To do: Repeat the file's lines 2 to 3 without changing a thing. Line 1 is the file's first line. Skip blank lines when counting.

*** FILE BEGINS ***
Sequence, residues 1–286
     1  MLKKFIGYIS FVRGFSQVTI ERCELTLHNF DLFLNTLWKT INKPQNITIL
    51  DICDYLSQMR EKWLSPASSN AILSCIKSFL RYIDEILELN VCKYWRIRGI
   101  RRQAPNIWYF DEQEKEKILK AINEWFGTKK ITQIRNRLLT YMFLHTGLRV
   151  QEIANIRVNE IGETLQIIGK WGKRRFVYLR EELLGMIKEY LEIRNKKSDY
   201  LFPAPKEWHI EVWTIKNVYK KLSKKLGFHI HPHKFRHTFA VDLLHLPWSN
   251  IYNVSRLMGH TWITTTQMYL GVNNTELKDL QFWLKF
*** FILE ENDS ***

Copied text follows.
     1  MLKKFIGYIS FVRGFSQVTI ERCELTLHNF DLFLNTLWKT INKPQNITIL
    51  DICDYLSQMR EKWLSPASSN AILSCIKSFL RYIDEILELN VCKYWRIRGI